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IEEP at COP23: 3 Takeaways for Climate, Forestry and Agriculture

Authors: Ben Allen, Kamila Paquel

While the stand-off on agriculture is continuing between developed and developing countries within climate negotiations, there is a growing consensus among experts that agriculture –and more generally the land use sector–needs to rise at the top of UNFCCC agenda.

At COP23, IEEP contributed to this emerging debate through two events focused on EU policies in this area. Here are our three takeaways for European policy-makers:

  1. Agriculture, forestry and land use are becoming progressively vital from a climate change policy perspective. 

    Decarbonising energy and transport has been the focus of climate negotiation to date. However, natural carbon “sinks” –through trees and soil– will be increasingly important the implement the Paris goal of very low, or net-zero, emissions by-mid-century. The way we use and manage land can also be a source of emissions, both carbon and other GHGs. For example, carbon is released when soils oxidise and when wood is burnt. Livestock also release emissions in the form of methane and nitrous oxide. For both sinks and sources, the understanding of how policies and measures can reduce emissions quickly, effectively, and in the long-term, is still developing.

    Adequate EU policies on agriculture, forestry and land-use will be vital to ensure an ambitious outcome within UNFCCC negotiations, in line with science. Legislation under discussion in the EU is a good start but more needs to be done as part of Europe’s long-term mitigation strategy.
  2. The current actions to encourage a land use contribution to climate change mitigation in the EU depend heavily on requirements and support under the CAP. 

    IEEP’s first event on Monday, 6 November, reviewed what EU Member States are doing to encourage natural carbon sinks and to limit GHG emissions from the land-using sectors. 

    Our work discovered a wide variety of actions being used by Member States, but these were often triggered by compliance with EU environmental legislation or were supported by EU funds, notably the CAP. The research suggests action to reduce emissions and increase carbon storage would be more effective if based on dedicated long term strategies. Promoting long-lasting wood products for material purposes, such as furniture or the building sector, is a promising way of storing carbon sequestered by trees. The current actions to encourage a land use contribution to climate change mitigation in the EU depend heavily on requirements and support under the CAP.

    Further progress depends on the implementation choices of the Member States under the current EU policy and financial framework and a positive and progressive change in the next one.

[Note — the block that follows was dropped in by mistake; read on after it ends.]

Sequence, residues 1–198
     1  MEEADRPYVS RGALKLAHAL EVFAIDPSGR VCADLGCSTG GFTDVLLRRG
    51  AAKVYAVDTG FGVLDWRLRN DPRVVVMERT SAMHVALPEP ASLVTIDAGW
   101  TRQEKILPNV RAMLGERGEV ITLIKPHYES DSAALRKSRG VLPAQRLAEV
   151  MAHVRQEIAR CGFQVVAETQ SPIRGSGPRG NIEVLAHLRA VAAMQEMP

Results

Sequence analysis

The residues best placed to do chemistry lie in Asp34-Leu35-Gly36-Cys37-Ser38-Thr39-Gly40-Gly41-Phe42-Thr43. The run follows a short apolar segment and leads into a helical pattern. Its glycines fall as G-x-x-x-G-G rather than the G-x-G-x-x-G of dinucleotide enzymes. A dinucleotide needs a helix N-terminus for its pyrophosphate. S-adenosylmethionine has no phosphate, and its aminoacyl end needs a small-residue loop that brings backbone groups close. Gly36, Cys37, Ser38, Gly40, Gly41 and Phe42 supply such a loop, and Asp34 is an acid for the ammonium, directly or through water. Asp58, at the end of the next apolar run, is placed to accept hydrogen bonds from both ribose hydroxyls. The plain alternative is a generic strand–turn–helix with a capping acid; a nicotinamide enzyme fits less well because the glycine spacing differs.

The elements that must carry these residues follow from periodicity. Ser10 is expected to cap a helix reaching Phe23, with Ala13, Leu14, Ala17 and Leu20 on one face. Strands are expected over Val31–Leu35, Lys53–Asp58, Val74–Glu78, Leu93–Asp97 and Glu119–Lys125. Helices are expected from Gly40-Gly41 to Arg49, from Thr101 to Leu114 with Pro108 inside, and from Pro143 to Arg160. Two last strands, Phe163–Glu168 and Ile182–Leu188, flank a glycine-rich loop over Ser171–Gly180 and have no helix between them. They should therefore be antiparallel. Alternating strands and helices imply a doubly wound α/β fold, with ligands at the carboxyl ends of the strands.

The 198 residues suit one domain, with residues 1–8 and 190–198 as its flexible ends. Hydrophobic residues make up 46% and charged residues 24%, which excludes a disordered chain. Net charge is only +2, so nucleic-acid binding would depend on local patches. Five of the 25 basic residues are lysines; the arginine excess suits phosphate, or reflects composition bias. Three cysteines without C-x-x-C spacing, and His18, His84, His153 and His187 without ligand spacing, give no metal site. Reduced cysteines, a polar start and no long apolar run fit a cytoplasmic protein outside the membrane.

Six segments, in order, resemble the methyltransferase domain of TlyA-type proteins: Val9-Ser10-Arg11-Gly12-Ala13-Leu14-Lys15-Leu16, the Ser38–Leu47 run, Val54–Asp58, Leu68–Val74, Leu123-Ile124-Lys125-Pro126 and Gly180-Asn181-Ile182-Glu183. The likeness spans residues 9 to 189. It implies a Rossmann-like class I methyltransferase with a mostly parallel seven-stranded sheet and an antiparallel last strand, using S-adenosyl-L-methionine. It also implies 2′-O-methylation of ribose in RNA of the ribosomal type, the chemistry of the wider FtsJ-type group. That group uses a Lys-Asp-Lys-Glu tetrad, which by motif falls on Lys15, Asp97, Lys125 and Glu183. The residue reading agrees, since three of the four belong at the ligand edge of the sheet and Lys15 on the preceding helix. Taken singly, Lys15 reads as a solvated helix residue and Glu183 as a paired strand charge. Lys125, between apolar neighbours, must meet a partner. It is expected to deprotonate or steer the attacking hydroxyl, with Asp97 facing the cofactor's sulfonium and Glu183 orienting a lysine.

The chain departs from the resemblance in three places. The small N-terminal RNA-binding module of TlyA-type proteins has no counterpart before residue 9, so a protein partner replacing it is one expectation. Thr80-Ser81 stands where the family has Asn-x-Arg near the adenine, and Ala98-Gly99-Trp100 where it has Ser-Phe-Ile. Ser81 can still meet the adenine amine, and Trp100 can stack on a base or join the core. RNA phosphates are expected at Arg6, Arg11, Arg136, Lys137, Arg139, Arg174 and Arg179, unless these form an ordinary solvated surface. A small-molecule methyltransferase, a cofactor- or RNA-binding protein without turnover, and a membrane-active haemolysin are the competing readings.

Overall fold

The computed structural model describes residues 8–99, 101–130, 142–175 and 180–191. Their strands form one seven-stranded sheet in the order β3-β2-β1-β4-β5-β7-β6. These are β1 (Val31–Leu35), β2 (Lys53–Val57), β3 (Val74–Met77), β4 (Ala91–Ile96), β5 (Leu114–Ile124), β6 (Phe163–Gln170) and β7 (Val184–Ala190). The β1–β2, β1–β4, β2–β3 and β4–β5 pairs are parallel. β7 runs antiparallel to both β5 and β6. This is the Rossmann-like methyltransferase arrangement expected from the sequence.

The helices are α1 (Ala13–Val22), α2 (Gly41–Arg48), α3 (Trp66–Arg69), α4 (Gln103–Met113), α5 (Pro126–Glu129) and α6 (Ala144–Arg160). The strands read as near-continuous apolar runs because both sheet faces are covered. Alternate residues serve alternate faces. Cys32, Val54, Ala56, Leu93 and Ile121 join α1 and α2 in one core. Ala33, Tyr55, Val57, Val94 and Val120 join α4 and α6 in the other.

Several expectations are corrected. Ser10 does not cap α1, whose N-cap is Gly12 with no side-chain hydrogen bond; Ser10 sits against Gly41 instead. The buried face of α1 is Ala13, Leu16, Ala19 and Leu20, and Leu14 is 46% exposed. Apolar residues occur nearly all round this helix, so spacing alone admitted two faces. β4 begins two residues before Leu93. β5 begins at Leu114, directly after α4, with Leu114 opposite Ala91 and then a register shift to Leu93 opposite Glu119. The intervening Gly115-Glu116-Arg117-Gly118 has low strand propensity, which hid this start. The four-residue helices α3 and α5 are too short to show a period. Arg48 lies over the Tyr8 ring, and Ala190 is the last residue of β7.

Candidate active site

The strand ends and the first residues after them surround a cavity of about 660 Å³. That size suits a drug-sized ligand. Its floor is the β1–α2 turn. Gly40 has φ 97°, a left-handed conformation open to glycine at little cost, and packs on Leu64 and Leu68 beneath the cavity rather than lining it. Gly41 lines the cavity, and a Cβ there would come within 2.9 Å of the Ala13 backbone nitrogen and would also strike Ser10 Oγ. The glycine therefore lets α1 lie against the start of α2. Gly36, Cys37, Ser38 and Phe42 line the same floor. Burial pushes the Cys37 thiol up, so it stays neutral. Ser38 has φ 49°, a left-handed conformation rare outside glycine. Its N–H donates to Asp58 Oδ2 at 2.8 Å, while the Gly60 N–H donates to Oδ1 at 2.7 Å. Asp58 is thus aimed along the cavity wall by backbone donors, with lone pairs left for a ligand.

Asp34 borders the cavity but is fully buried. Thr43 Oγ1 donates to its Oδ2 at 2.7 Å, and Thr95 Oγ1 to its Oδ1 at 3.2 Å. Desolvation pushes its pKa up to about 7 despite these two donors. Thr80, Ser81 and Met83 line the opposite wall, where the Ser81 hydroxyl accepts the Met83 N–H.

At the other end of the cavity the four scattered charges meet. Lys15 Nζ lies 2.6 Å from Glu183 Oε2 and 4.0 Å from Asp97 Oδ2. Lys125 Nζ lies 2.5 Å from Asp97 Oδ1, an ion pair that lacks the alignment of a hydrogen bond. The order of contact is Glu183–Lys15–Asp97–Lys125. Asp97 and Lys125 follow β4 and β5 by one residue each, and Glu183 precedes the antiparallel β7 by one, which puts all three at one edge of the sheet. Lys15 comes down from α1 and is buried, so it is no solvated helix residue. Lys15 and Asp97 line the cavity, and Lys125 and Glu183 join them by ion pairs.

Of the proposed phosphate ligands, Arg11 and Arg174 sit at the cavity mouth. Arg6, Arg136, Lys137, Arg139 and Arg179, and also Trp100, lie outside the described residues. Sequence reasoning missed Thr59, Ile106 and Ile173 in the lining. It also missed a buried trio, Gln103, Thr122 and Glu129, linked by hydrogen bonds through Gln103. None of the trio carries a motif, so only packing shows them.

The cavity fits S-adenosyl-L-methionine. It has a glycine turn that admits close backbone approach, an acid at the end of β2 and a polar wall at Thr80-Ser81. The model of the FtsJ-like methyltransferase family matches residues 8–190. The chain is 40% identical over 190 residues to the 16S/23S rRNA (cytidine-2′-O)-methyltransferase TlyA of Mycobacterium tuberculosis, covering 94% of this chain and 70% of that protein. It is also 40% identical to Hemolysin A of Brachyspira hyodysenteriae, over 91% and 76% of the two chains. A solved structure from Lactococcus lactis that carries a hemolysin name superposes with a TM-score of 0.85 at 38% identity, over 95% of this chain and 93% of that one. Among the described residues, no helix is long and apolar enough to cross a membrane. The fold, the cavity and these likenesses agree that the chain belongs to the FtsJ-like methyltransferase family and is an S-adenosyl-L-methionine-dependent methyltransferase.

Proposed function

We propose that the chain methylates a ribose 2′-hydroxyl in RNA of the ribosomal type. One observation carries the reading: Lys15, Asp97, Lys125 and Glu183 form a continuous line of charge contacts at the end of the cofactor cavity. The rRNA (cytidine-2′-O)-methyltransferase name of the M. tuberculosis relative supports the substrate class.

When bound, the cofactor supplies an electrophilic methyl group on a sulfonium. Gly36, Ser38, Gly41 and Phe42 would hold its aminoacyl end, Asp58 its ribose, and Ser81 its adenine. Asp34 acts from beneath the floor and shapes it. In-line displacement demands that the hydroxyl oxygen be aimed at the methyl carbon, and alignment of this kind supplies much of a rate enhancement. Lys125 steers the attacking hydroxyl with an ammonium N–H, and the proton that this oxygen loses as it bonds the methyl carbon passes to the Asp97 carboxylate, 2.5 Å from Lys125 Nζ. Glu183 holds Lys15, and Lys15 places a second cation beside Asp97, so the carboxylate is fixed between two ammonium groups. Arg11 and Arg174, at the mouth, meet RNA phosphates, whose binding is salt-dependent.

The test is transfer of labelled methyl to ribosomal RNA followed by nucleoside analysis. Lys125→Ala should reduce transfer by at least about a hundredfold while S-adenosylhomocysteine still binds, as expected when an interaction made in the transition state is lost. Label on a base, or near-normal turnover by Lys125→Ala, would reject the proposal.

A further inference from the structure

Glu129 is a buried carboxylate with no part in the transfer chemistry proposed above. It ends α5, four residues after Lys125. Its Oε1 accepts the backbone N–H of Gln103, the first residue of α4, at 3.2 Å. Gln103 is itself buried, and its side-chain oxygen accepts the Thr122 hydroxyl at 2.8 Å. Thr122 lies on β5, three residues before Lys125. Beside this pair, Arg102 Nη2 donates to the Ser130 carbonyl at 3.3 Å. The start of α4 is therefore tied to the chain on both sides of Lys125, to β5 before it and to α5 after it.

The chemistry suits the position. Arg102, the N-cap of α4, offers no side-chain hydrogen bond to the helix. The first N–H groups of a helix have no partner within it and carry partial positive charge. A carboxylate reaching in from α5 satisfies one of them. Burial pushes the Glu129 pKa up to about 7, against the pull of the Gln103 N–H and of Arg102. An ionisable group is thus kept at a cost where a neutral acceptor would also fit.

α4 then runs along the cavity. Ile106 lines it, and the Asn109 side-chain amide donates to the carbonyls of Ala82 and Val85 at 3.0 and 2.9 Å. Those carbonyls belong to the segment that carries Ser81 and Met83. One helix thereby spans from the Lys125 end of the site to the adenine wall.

3. The way forward is balancing climate action with the multiple societal roles of rural land 

    IEEP’s second event on Friday, 10 November, considered what transition pathways can help make significant and lasting GHG emission reductions in the agriculture sector and how net-zero emissions could be reached in 2050. 

    Reacting to a presentation by IEEP, our panel of discussants from a range of sectors including land-owners, development NGOs, finance sector, researchers and farm advisory and research organisations set out their views and key issues.  Perhaps what was most encouraging was the progressive nature of the discussion. Rather than a heated debate on party lines, the main questions tended to focus not on whether we should act, but on what action could be taken and what it could look like. This is encouraging for our future work, but no less challenging in identifying tangible actions that balance the urgent need for action with the multiple roles agriculture plays in society. In this regard, the livestock sector, a major source of emissions, came up as a key issue for Europe to address. 

    Overall the effects of climate action in the forest and land use sectors will take decades to be realised in practice. Understanding is growing that this means policy action is needed urgently if we are to make the right choices, consistent with a 1.5 degree target, or even to meet a 2 degree target.

    The time has come for European policy-makers to focus on agriculture, land-use and forestry, especially if Europe wants to take a leadership role in negotiations on mid-century pathways at the UNFCCC.
    Listen to the speaker interviews from our event:– Craig Hanson, Global Director of Food, Forests & Water, World Resources Institute here.- Robert de Graeff, Senior Policy Advisor, European Landowners’ Organization here.- Teresa Anderson, Policy and communications officer, Action Aid here.

IEEP latest work in this area can be found here.

Contact Kamila Paquel and Ben Allen for more information.

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